F-stop or aperture. Faster lenses with wider apertures (openings) have lower f-stop numbers (f/2.8 instead of f/4.0, for instance), letting them take in more light. They also let you create more bokeh, or blur, in the background to isolate the subject. As a rule, they cost a lot more than slower models. Cheaper kit lenses often have variable apertures, which change depending on the zoom level. For instance, Sony’s slowish full-frame FE 28-70mm OSS kit lens has a variable f-stop range of f/3.5 to f/5.6 and costs just $398. Meanwhile the Vario-Tessar T* FE 24-70mm f/4 ZA OSS model is $898, and the fixed-aperture FE 24-70mm f/2.8 G Master (GM) lens will set you back $2,198.
Autofocus (AF). If you buy an extremely fast camera like the Nikon D850, you’ll want a lens that focuses just as quickly. Again, money helps here, as costly Canon L-models, Fujinon, Nikon N and Sony GM glass mostly offer great AF performance. That said, many cheap kit and prime lenses, like Canon’s 50mm f/1.8 STM, also pack solid autofocus systems. Cheaper lenses can have noisy autofocus, which is something that video shooters, especially vloggers who rely on AF, should keep in mind.
Stabilization. Stabilization reduces hand and other camera movements (though not subject movement, obviously), letting you shoot with less light than you normally could. If you have a modern DSLR or mirrorless camera like Sony’s A6500 or the Fujifilm X-H1, it already has built-in stabilization (IS). For other models, though, you’ll need to get that feature from the lens. The key metric is how much extra speed you get (in f-stops) compared to having no stabilization. Many lens makers claim as much as three to four stops of improvement, but keep in mind that it won’t help on every shot. Note that even if your camera has IBS, you’ll also benefit from a lens that also has it, as most IBS systems work in concert.
Optical quality, bokeh and distortion. Generally most modern lenses, including kit models, are sharp enough for the average user. Better lenses, however, will remain sharp at wide-open apertures and toward the corners of the image. Higher-end models will also have better, softer-looking bokeh in the blurred parts of the image. As for distortion, it’s mostly an issue with zoom lenses, not primes, and modern DSLRs and mirrorless cameras will automatically remove it. Zoom lenses, especially cheaper models, are also more susceptible to chromatic aberration (CA), which causes blue or pink tones at the edges of objects in a photo.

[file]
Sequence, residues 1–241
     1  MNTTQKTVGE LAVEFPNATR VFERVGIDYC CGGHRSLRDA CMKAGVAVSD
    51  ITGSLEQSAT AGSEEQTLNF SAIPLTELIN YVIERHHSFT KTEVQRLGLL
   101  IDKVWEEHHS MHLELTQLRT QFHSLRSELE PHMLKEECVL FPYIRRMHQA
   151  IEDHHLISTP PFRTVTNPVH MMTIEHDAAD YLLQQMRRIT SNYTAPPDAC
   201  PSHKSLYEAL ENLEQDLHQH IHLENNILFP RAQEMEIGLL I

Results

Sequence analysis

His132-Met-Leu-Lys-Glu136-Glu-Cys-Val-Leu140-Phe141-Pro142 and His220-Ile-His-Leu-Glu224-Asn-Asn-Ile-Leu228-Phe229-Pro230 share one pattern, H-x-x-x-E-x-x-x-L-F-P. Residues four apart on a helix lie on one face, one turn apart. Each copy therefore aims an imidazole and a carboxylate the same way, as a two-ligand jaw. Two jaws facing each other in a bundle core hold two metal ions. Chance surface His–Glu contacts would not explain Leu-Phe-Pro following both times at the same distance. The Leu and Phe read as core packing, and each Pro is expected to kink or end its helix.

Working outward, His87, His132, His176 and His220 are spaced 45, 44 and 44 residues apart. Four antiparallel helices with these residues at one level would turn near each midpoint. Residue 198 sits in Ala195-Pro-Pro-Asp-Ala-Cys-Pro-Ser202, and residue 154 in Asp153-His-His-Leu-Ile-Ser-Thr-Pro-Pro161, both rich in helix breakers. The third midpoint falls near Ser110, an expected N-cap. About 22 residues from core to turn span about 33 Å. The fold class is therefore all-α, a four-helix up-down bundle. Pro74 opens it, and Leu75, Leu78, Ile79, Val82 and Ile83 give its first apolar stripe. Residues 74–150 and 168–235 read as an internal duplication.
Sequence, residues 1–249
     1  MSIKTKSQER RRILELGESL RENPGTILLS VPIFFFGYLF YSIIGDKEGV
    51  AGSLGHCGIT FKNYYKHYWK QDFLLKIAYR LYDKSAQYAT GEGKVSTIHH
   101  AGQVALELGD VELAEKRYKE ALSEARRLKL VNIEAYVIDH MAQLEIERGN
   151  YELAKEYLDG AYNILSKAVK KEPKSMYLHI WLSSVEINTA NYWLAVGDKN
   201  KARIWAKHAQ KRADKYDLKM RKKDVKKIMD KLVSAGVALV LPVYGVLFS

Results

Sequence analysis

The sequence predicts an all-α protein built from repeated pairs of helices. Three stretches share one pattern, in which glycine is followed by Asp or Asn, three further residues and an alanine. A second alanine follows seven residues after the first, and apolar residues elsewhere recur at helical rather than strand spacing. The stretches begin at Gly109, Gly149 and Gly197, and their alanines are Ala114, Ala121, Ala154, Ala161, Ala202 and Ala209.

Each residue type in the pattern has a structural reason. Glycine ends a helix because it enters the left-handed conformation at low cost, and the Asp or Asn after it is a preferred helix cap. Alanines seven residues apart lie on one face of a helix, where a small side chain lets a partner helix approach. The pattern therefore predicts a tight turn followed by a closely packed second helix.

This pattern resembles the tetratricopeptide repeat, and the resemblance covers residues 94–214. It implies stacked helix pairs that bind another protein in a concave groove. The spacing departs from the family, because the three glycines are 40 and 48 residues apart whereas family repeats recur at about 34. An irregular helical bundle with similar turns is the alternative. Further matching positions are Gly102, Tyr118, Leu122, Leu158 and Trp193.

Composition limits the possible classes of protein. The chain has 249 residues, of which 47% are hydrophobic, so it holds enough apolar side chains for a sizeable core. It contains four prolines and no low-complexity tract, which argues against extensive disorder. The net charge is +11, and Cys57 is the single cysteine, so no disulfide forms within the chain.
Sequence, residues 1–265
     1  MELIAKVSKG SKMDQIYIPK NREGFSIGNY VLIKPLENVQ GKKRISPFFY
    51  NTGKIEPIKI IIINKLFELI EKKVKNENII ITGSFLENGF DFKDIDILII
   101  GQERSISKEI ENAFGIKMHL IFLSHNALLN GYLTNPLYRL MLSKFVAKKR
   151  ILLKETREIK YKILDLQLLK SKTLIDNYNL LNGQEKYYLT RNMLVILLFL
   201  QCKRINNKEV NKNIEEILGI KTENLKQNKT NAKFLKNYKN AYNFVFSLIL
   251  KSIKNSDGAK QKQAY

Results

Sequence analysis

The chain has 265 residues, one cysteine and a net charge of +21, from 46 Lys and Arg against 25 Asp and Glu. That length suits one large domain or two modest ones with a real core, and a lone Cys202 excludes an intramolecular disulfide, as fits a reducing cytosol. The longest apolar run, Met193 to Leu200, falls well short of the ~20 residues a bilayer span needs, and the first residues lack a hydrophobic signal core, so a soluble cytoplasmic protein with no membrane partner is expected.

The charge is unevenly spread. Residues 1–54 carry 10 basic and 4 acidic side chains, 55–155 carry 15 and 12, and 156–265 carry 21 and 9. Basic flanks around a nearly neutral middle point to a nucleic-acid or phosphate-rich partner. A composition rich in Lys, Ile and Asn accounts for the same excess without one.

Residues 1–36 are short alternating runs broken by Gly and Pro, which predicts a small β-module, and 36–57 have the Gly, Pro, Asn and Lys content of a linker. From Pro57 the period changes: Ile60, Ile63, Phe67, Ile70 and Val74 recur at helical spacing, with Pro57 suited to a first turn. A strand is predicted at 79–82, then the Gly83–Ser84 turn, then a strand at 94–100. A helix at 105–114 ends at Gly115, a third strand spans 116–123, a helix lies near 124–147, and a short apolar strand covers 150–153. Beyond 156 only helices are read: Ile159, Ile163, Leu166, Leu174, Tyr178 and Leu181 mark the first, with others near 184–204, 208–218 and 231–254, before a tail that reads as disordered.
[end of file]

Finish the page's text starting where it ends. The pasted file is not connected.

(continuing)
Handling, manual focus and other factors. Expensive zoom and prime lenses can be heavy, cramping your style for street or tourist photography. If you want to travel light, then, a pancake, light prime or a lightweight kit lens will do the job best.
Though most photographers don’t need manual focus, it’s still important for videographers who rack (change focus) from one subject to another. Video pros will also want a lens with fine manual focus control and models that don’t breathe, or zoom, when you change focus. (Purpose-built cinematography lenses don’t breathe, but are very expensive.) Videographers might need parfocal lenses that stay in focus when zooming — again, these tend to be costly.
Best budget standard prime lenses
If you already have a kit lens with your camera (typically a 28-70mm f/3.5-5.6 zoom), the next step is to get at least one prime. Why? It will let you shoot sharp, distortion-free portraits or take street and travel shots with nice bokeh. You’ll also be able to shoot in bars, concerts and other low-light situations without cranking up the ISO and creating noisy images.
Luckily, this is fairly easy: Every brand has a cheap, fast, “nifty fifty” prime that will take surprisingly nice shots. Sure, they’re plasticky and not as durable as higher-priced primes, but they’re also lighter. And thanks to modern manufacturing techniques, the optics are great.